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Female-Pattern Hair Loss (FPB)

Friday, October 5th, 2012

Female-pattern baldness is different than that of male pattern baldness. The hair thins all over the head, in a diffused manner but the frontal hairline does not regress. There may be a moderate loss of hair on the crown, but this rarely progresses to total or near baldness as it may in men.

Female-pattern baldness hair loss is permanent. The hair loss is usually mild to moderate. No treatment is required if the person is comfortable with her appearance. It can be treated with medication or hair restoration. Some women however lose hair in a pattern similar to men.

Failure to grow a new hair is closely linked with genetic predisposition, aging, and levels of endocrine hormones. Changes in the levels of the androgens can affect hair production. For example, after the hormonal changes of menopause, many women find that the hair on the head is thinned, while facial hair is coarser. Although new hair is not produced, the follicle remains alive, suggesting the possibility of new hair growth.

The United States Food and Drug Administration (FDA) approved some drugs to treat female-pattern baldness. It is minoxidil, used topically on the scalp. It may help hair to grow in 40% of the population, and in 90% it may slow the loss of hair. Hair loss recurs when its use is stopped.

Genetic hair loss and molt or increased hair shedding (chronic telogen effluvium), accounts for the majority of all hair loss in women. Women are more likely to thin diffusely from behind the front hairline to the crown. Unlike men who tend to lose a lot of hair in particular areas, like the temples and crown – Male pattern baldness.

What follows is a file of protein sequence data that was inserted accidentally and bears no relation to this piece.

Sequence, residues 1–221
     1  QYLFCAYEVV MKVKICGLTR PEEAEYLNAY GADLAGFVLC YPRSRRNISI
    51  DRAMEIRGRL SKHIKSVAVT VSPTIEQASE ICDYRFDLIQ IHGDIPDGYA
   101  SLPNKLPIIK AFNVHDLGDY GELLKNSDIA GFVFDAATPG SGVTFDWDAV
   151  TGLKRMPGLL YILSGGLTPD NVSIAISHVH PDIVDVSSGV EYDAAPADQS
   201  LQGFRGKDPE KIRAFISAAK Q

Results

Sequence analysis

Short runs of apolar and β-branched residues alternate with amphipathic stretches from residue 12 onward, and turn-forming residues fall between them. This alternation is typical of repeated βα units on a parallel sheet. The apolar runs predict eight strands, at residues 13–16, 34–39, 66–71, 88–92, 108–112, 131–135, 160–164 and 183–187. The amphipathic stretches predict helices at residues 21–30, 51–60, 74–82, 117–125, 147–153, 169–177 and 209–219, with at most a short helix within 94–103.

Creating a Natural Looking Hairline for Women

Thursday, October 1st, 2009

female hairlineIn a recent article published in Dermatologic Surgery Journal, Dr. Nausbaum et Al discusses naturally occurring female hairlines. His study was based on a large panel of normal women for the purpose of comparing and contrasting hairline variables to attain the perfect female hairline. Given that male hair restoration has almost always been the focus of hair restoration this new information can help benefit women who are candidates for hair transplant surgery.

The author came up with a guide or type of blueprint to help determine the best hairline for a woman. This guide was based on the average recorded parameters in women with healthy, non-balding hair. Among a panel of 360 women, the most dominant feature found in 81% of the women was in fact the presence of the widow’s peak. In addition, around 90% of these women also showed lateral mounds.

It’s great to know that there is now a bigger emphasis in hair restoration for women with more viable information and techniques to help solve their hair loss. Our hair transplant surgical offices already specialize in female hairline reconstruction in women suffering from female patterned hair loss or male patterned hair loss. This technique has also been applied on transgender (male to female) patients to help soften and alter their masculine features.

We at our California offices of US Hair Restoration perform transgender hair transplants regularly and I personally believe that hair restoration is one of the most key procedures in sex reassignments process for transsexuals.